Ancient Grains Help Improve Blood Sugar, Cholesterol Levels In Diabetes Patients: Study

What is the best grain suited for you if you have diabetes? A new study revealed that the use of ancient grains in the diet could improve blood sugar and cholesterol levels in people with diabetes.

“Grains are prominent components of the daily dietary intake of diabetes patients. Current guidelines recommend a balanced diet, with a sufficient intake of carbohydrates, preferring those with a lower glycemic index. Since grains are the principal source of carbohydrates in human diets, interest in the health effects of grain consumption is increasing,” researchers wrote in the latest study.

For the study, the team reviewed 29 randomized controlled trials that estimated the benefits of ancient grains such as oats, brown rice, buckwheat, chia, Job’s Tears, barley, Khorasan, and millet for people with type 2 diabetes.

They found that oats, brown rice, and millet could improve various diabetes markers such as insulin levels, fasting blood sugar, and Hemoglobin A1C and are associated with improved cholesterol levels, indicating better heart health.

“A variety of ancient grains have been tested on patients with T2DM, with potentially positive results on health outcomes at least for oats, and possibly brown rice and millet,” the researchers wrote in the study published in the journal Nutrition, Metabolism and Cardiovascular Diseases.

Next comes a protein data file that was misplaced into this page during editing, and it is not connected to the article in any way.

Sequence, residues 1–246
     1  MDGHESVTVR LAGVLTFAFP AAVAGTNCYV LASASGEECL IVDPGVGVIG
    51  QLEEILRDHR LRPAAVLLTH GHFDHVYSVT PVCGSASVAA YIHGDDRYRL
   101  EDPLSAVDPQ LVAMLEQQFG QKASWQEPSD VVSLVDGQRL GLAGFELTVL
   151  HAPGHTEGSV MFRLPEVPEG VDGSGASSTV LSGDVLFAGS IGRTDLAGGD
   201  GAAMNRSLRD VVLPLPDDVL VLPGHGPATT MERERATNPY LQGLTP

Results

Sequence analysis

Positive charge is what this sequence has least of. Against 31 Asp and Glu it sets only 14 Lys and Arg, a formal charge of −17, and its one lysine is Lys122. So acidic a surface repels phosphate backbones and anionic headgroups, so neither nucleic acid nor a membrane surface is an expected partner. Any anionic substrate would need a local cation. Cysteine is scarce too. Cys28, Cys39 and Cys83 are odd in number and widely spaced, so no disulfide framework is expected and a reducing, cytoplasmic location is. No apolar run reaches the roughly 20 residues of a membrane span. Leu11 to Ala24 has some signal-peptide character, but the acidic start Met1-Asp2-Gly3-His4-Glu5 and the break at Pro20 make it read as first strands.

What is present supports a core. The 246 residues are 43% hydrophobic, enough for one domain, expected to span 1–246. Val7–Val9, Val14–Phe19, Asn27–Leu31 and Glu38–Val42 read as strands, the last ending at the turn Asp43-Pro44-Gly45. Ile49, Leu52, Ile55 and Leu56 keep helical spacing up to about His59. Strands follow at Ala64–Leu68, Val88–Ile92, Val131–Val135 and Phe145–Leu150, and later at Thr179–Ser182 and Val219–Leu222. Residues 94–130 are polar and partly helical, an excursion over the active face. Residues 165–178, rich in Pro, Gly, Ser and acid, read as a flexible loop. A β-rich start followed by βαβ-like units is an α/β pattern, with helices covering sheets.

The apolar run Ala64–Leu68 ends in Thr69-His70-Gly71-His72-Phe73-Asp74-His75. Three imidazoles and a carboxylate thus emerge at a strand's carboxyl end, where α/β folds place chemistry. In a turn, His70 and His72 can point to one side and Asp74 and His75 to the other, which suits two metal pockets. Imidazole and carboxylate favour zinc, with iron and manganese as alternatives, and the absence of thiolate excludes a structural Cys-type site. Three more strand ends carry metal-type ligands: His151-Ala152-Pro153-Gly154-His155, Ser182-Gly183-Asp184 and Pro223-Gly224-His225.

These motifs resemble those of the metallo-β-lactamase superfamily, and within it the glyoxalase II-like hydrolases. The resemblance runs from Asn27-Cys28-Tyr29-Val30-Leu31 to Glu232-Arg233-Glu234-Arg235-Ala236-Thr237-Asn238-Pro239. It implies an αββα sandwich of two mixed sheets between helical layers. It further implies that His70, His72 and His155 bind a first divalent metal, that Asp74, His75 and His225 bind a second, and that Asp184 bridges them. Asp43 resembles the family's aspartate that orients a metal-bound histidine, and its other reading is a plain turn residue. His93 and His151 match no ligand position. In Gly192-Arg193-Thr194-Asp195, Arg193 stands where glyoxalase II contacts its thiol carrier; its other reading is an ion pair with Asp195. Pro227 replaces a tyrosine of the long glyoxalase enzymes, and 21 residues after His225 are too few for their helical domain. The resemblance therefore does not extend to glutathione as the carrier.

Compared to all the grains evaluated in the study, oats showed a significant association with improved cholesterol and fasting blood glucose levels. Although brown rice showed improved HbA1c and body mass index (BMI), there was no significant improvement in other blood sugar markers and cholesterol levels. Millets showed significant benefits on body weight, but other confounding factors in the included studies must have affected the results.

According to the researchers, the lack of genetic modification and higher levels of beneficial phytochemicals and fibers in ancient grains make them favorable grains for consumption by diabetes patients.

“However, these findings lack the strength needed to formulate dietary recommendations, primarily due to heterogeneity across studies, limited sample sizes, and suboptimal methodological quality of some trials,” the researchers cautioned.

“For adults affected by diabetes mellitus type 2, the use of oats may improve lipidic profile. Further experimental designs are needed in interventional research to better understand the effects of ancient grains on diabetes health outcomes,” they added.

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